Let's see: FDR came in on the Depression and is famed amoungst liberals for handling thereof, WWII, and then Korea and Vietnam. On the other hand, New Deal majority power was predicated on massive southern support, and loss of majority status for the D's also coincides with the loss of the South under Johnson.

But then, I could argue that the confluence of the depression and the fad for communism/socialism (worldwide at the time) culminated in the New Deal and then WWII and then the awakening and the challenge to communism. Problem being there is that while the American people were disposed in that direction to begin with, they maybe decided, after traveling down the road a piece that they didn't like where they were going. Also known as whiplash. Whereas as liberals as a social grouping [not individually] continue to believe that the things that were the fad in the middle 20th century are still popular and should be brought to their ultimate conclusion. Whatever that is, exactly.

One could point out that George Bush has built his foundation of sand on 'spreading democracy', and spending profligately - the only major distinction here between that and the New Deal is the cutting of rather than the raising of taxes. And thus, effectively Beinart is arguing for George Bush with much higher taxes. Coals to Newcastle? Snow to Eskimos? (ex-squeezle me, Inuit)

There may in fact be nothing wrong with being a chickenhawk.

In the moral sense? I wouldn't argue Matthew is a chickenhawk. But if he were, there are two basic problems: not knowing what they hell you're talking about because you've never served or even maybe had to take serious physical risks or killed anything (which is far more problematic than anything else, neo-cons very specifically included) and the issue of noblisse oblige. Notably, John Kerry had that one down cold. Fat lot of good it did him. (Actually it did him a fat lot of good - about 8-9% worth of good, I'd estimate.)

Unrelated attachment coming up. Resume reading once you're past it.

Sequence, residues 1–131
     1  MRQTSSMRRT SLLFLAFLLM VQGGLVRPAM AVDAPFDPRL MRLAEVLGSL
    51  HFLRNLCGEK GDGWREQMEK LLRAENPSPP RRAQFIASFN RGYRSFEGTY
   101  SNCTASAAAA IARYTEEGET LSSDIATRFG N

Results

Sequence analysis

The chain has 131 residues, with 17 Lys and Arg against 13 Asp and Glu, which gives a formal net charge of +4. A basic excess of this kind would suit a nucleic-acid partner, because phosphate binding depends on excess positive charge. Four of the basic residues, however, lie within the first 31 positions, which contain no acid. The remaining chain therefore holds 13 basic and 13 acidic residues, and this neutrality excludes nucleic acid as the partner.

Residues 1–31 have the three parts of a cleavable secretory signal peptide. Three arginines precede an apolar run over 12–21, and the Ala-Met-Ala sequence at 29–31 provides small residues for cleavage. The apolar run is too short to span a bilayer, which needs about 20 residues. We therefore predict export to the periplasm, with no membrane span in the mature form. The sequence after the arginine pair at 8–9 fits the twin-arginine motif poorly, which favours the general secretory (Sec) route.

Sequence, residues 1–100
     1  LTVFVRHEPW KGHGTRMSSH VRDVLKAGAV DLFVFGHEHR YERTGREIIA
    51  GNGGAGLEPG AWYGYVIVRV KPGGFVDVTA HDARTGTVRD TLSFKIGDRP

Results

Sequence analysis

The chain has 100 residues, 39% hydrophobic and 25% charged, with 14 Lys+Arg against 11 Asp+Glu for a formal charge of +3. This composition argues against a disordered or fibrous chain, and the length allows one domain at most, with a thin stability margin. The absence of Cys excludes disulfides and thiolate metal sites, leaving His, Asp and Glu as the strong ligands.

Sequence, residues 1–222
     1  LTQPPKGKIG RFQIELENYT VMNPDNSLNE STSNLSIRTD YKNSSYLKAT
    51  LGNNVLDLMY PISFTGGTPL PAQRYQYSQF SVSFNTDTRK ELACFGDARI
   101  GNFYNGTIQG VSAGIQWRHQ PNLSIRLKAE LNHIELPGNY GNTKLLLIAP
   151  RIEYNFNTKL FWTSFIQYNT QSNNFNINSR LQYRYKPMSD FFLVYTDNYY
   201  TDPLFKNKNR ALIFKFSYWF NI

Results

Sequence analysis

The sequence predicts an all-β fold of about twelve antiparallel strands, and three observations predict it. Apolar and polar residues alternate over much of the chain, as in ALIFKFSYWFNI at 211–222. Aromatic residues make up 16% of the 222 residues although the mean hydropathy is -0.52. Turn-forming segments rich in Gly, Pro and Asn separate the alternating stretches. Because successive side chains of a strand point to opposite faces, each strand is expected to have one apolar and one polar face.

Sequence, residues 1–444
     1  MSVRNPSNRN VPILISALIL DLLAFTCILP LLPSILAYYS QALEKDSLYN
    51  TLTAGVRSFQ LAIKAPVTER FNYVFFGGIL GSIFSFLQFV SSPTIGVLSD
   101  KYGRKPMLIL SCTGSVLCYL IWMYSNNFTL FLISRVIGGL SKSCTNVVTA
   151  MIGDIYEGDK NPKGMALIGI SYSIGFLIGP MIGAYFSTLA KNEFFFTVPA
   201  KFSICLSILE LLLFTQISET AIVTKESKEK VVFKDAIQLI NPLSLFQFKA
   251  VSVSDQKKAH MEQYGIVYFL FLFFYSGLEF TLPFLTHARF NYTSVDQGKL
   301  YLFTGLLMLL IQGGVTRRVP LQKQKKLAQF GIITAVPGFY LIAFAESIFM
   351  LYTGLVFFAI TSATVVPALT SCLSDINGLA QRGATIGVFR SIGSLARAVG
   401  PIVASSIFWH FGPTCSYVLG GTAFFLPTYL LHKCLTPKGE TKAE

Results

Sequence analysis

Quite a pickle.

ash
['Oh, and hey, I admire Josh. I am just not convinced that this TPMCafe thing is a good move in the global sense, as opposed to (perhaps?) being a good personal move for Matthew AND Josh.']

Posted by: ash | May 30, 2005 1:21:05 PM

"I also agree with the point that as soon as a Democrat like Matt comes out as a hawk, he is by definition a chickenhawk."

So anytime anyone over the age of 18 is in favor of a use of military force, if they don't go enlist, they're a chickenhawk?

Given the popularity of the Afghanistan operation, I guess that means the 200 million Americans who supported the war but didn't enlist are all chickenhawks. That's a lot of chickenhawks.

"Speaking cynically, this strikes me as a much better time for Democrats to become the Normalcy Party than the part of war forever."

There is a world of separation between 'hawkishness' and 'war forever'.

Much like the Republican Party has a racist contingent, the Democratic Party has a pacifist contingent. The similarity between the two is that in order to win elections, both parties have to reassure voters that those contingents are not calling the shots.